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The CEO of Porsche, Oliver Blume, stated in a recent interview with the German paper Automobilwoche that the luxury auto manufacturer was aiming for around 20,000 Mission E electric car sales a year following launch.

Cars

Porsche CEO: Hoping To Sell 20,000 Mission E Cars A Year

The CEO of Porsche, Oliver Blume, stated in a recent interview with the German paper Automobilwoche that the luxury auto manufacturer was aiming for around 20,000 Mission E electric car sales a year following launch.

oliver-blume-porscheThe CEO of Porsche, Oliver Blume, stated in a recent interview with the German paper Automobilwoche that the luxury auto manufacturer was aiming for around 20,000 Mission E electric car sales a year following launch.

Launch won’t be until 2020 of course, and that presumes that everything goes well and there are no delays.

porsche_missionE_press

The figure is an interesting one since Porsche currently sells a very limited number of vehicles. (The company only sold 31,350 units of the 911 worldwide in 2015, and that model is a very popular one.)

“We have the Mission E calculated with a number of items in the order for about 20,000,” Oliver noted.

Porsche Mission E concept

The key point in this, though, is that 2020 is still more than 3 years off — how could the company expect to accurately predict such high sales when the industry is changing so rapidly? Will the model be appealing enough in 2020 to attract much consumer interest? Especially at a Porsche price point? (Additional question from editor: Who is genuinely going to buy a Mission E over a Tesla vehicle with Supercharger access, more space, probably much better autonomous driving features, and a quicker 0–60 mph time?)

The specs certainly aren’t bad — a 0–62 mph time of under 3.5 seconds, 310 miles of range (this is the estimated NEDC-equivalent range, one should remember), 590 horsepower, etc. — but they sound like those of models already being offered. In fact, a 5-seat Tesla Model S can already go 0–60 mph in 2.5 seconds.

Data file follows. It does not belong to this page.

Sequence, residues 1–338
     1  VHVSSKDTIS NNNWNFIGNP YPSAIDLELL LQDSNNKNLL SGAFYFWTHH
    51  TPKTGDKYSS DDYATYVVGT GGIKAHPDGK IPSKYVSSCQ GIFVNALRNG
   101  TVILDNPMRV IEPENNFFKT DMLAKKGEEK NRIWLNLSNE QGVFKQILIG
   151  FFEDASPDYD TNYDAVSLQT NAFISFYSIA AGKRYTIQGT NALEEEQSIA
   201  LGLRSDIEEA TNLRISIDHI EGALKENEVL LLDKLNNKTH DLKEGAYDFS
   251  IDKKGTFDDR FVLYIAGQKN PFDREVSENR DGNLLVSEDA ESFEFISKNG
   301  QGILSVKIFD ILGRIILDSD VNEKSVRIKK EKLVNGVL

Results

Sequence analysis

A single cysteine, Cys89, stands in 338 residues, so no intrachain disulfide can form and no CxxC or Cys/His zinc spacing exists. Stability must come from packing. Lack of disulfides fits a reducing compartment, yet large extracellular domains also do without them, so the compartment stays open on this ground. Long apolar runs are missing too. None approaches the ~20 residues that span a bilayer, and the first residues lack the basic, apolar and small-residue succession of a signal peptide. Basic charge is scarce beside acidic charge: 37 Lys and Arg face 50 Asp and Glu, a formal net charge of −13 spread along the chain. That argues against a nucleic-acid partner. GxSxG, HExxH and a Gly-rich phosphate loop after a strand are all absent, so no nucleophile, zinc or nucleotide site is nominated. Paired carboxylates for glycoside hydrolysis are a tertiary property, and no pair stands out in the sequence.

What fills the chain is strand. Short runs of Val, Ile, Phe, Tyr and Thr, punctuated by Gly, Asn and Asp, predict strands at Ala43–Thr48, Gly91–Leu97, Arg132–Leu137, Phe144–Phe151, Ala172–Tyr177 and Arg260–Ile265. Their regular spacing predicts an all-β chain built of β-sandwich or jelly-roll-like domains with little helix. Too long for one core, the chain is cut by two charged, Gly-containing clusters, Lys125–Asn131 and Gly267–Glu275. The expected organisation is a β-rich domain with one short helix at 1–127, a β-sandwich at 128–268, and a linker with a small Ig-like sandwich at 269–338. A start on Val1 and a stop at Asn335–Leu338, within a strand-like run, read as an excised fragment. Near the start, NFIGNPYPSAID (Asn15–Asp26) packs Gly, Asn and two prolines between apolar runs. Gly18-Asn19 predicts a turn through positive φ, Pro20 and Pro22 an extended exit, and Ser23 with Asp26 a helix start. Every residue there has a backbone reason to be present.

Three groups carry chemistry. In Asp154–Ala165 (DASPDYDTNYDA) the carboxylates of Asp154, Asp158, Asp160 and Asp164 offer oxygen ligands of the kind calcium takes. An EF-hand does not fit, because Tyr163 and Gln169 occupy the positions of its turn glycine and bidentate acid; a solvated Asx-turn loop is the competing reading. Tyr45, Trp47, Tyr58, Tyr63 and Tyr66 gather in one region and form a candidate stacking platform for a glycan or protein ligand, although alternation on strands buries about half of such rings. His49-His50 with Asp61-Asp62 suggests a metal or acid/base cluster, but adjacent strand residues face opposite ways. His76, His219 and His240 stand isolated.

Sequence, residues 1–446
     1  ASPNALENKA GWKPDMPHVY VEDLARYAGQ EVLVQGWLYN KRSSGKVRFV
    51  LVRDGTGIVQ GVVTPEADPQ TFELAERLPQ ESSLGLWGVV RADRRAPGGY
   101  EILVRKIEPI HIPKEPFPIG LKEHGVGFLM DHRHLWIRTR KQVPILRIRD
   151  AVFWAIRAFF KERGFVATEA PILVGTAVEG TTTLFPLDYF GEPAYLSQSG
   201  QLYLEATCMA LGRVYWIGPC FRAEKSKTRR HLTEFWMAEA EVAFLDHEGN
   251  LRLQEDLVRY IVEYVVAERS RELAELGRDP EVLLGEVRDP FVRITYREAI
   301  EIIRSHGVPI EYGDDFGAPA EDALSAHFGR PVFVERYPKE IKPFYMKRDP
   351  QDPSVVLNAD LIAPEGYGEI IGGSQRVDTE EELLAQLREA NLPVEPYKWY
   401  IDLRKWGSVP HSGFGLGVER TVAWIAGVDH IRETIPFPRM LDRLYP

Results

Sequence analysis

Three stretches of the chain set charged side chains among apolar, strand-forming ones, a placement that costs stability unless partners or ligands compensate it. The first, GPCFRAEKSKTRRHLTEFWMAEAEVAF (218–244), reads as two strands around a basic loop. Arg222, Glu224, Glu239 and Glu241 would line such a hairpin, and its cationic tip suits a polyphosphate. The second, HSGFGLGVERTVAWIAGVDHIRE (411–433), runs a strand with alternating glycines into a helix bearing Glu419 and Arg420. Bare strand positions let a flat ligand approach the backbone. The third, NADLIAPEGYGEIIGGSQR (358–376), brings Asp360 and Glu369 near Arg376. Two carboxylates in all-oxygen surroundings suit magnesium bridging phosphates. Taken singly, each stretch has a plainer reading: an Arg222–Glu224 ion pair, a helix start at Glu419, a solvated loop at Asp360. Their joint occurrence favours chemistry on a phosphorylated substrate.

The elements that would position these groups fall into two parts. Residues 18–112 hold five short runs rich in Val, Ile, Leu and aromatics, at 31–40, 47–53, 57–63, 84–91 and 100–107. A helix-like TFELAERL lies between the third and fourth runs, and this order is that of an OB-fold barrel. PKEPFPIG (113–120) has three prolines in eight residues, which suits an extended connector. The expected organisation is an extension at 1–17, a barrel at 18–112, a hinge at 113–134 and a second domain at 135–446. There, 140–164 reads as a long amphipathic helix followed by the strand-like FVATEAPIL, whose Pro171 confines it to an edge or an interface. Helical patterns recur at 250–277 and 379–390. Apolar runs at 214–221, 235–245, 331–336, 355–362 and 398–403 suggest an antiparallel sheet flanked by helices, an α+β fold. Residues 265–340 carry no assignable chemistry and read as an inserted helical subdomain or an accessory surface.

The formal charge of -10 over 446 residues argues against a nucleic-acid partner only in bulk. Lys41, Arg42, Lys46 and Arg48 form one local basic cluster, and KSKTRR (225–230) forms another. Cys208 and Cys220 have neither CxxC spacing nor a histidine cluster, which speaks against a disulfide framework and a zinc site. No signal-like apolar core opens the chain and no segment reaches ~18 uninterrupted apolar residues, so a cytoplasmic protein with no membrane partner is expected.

missionE_rear (2)

Some of those reading this will no doubt note that the Mission E will be designed for racing — so, rather than having the situation that you do with the Tesla Model S and Model X where performance is software limited following heavy use, it will be useful at the track.

That’s probably somewhat true, but the refreshed Tesla Roadster is due in 2019, a full year before the Porsche Mission E, and it’s no doubt being designed with the race track in mind as well.

Editor’s note: Of course, 20,000 sales a year is still far below the 50,000+ a year the Model S is already seeing. So, it’s not like Porsche expects the Mission E to outcompete the Model S. —Zach

 
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Written By

James Ayre's background is predominantly in geopolitics and history, but he has an obsessive interest in pretty much everything. After an early life spent in the Imperial Free City of Dortmund, James followed the river Ruhr to Cofbuokheim, where he attended the University of Astnide. And where he also briefly considered entering the coal mining business. He currently writes for a living, on a broad variety of subjects, ranging from science, to politics, to military history, to renewable energy.

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